In my school days, one of the segments of the weekly Boys’ Meet was the debates. Students would read from written speeches about pre-allotted topics and vie for the top slot and the prizes. There used to be quite a few topics debated upon repeatedly in the boys’ meets. One such debate, I remember, was titled, “who is mightier: the pen or the sword?” The virtues of violence against non-violent means, and vice-versa.
A boy who spoke in favor of the sword made a forceful speech and won the applause of the audience many a times. He was the only one who had favored the sword over the pen in the debate and did quite a remarkable job. No other participant could match his prowess and audacity. However he did not win any prize much to the surprise of our small minds. Many of us complained about the injustice but the teachers’ verdict was final.
The next day one of our favorite teachers told us that the boy had been deliberately made to lose. The teachers were more worried about our impressionable minds than a mere school competition. They did not want us to believe that that the sword could ever win against the pen. An elaborate lecture on the virtues of intellect and shortcomings of force and violence was the next thing we patiently listened to in the next morning assembly.
We, as a nation, were always like that. Peaceful and intellectually gifted. We were lampooned over this by our friends as well as foes. But our faith in the peaceful means of assertion was unshakeable. So much so that, only a couple of years after that school debate, Kashmiris overwhelmingly took the ballot route to bring out their nation from the morass of political uncertainty.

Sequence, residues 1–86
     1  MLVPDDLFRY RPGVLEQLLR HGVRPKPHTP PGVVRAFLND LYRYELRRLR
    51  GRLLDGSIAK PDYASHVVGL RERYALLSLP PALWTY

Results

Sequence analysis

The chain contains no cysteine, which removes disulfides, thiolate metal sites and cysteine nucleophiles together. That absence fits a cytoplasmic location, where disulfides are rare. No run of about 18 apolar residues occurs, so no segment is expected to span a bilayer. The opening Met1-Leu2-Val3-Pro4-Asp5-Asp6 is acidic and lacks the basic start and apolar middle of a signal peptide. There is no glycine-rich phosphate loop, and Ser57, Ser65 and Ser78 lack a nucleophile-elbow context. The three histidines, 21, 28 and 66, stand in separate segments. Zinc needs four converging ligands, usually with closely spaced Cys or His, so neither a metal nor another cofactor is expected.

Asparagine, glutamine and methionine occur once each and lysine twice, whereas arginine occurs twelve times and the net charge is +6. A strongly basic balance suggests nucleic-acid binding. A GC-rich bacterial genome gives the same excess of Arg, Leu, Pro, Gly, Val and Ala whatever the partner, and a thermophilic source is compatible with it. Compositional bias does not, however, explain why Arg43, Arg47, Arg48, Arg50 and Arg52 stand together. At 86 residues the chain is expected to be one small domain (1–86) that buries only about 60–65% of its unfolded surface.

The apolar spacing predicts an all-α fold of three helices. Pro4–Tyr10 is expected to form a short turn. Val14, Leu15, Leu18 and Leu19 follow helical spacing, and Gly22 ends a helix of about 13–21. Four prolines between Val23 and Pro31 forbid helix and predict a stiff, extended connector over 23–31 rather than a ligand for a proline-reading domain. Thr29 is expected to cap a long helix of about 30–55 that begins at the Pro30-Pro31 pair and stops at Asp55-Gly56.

This happened even though elections were never seen by Kashmiris as clean and impartial. Rigging, booth capturing and managing voters had remained hallmark of all previous elections in the state. Even then people came out in largest ever numbers to vote. And by sweet coincidence, overwhelmingly in favor of a conglomerate whose election symbol was Pen and Ink-pot. Opting for such a symbol by the conglomerate could not have been just a coincidence. It was symbolic of the belief of its leaders in peaceful means of resistance. Voting for it was symbolic of the peoples’ faith in democratic means.
The pen, however, lost that time. It was, in fact, made to lose in a brazen display of colonial might masquerading as a republic. The belief of the people was shaken. Both in the pen and in the republic! A nation had been betrayed and made to feel ashamed of its beliefs.
The rage within the youth could not be contained this time as it had been in that boys’ meet. The teachers lost their moral courage to tame their taught. The vortex of violence took everyone in.
Twenty years down the line, not much seems to have changed. Except that the nursery of beliefs nurtured earlier in the schools has begun to wriggle and bloom. The pen has started to take centre stage in the discourse and beautifully so. The crop of budding writers has once again established the writ of the pen. The effulgence is refreshingly overwhelming and the powers that be have started to feel nervous. The knee-jerk response to resurgence of intellectual assertion can not be a jack-boot induced asphyxiation. That needs to be understood. Once again!